First, go look at the crop again – how many stages is the crop at? Is it just low spots that have not turned? If the crop is starting to even up, you may want to leave it with the warmer temperatures coming this week (August 12-19, 2013) and let nature work for you. If the crop is at multiple stages and there are big weeds that will cause combine plugging, swathing, desiccating or pre-harvest weed control is a good management option.  For specific product information, contact the marketing companies for rates and registration details.

Key Notes:

  1.  Swathing or desiccating earlier than recommend (30% seed moisture) will not shorten the maturity of the seed. That is based on genetics and weather.  Performing these activities too early will result in reduced seed yield and quality.
  2. Glyphosate is not a desiccant- it is a pre-harvest herbicide and kills crops and weeds.  Use it for perennial weed control and not to desiccate the crop. Don’t use if crop is for seed use.
  3. Some product MRLs (Maximum Residue Limits) have not been set or are lower than what we can meet for crop export into other countries.  Be aware of marketing restrictions that may arise from using certain desiccants/harvest management tools.  For pulses see www.rayglen.com/pdf/2013%20Desiccant%20Guidelines%20for%20Growers.pdf.  For other crops, talk to you buyers.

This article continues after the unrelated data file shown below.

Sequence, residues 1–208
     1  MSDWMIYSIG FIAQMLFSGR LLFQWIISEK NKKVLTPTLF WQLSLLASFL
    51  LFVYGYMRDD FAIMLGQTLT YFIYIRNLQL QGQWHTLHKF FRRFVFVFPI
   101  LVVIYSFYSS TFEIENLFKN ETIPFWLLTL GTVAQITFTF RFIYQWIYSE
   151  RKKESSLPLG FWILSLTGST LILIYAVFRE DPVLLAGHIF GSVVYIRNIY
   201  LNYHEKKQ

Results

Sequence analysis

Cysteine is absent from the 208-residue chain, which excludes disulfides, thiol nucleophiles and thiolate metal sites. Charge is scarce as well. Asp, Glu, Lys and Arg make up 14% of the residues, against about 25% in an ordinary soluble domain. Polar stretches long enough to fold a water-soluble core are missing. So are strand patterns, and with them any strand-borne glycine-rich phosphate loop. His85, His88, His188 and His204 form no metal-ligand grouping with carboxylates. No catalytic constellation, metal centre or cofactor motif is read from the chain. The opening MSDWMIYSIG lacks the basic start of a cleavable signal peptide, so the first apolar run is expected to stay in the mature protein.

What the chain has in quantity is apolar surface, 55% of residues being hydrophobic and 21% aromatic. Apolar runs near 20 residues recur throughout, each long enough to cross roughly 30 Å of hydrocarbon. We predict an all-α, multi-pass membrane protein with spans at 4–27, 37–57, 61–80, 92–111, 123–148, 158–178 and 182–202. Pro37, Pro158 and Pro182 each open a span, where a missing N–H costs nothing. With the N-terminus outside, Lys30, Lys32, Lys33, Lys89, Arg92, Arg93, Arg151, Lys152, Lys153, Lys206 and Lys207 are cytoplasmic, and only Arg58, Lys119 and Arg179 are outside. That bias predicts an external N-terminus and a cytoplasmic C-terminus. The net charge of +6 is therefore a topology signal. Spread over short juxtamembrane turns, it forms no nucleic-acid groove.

4. Know the weather conditions at application timing that will give the best results – Reglone works better on senescing plants and when temperatures are warm, Glyphosate works better on actively growing plants.

Field pea –Swath when most of the vines/pods are yellow-tan color and you can only barely leave a thumbnail impression. Desiccate when bottom 75% of pods are yellow with seeds firm and rattling in pods.  Desiccation usually eliminates the need for swathing and avoids the issues of wind-blown or rain-soaked swaths, and pick-up losses.  Decision to swath or desiccate will be based on weather forecast for the next 10 days, experience and machinery available.

Winter/Spring Wheat – Swathing timing and desiccation timing is the same – seed at 30% to 35% moisture, or hard dough stage (thumbnail imprint can barely be left in seed). Reglone and HEAT are not registered on any cereal crops for pre-harvest use.  If crop is intended for seed, using  glyphosate is not an option, so swath.  If not for seed and the weather forecast calls for wet conditions for the 10 days, glyphosate may be preferred versus swathing as the crop will weather better standing than in a swath.

Barley/Oat – Check  with your buyer about their policy on desiccants on the crop.  This may make the decision for you.  After determining this, the timing of swathing/desiccant is the same as wheat and the considerations to swath or desiccate are applicable as well.

For malting barley, maltsters want plump, mature kernels. The crop must not be swathed on the green side. Delay swathing until the heads have lost their green colour and have a moisture content of <30%. Swath around green patches to avoid having the sample from the field turned down because of green or immature kernels.   Keep in mind that wet weather may loosen the hull, reducing quality. Straight combining is becoming popular. Standing malt barley suffers less damage from moisture and dries faster. However, this benefit must be balanced against the increased risk of shattering losses. Six-row barley is more prone to shattering and neck-break than two-row barley.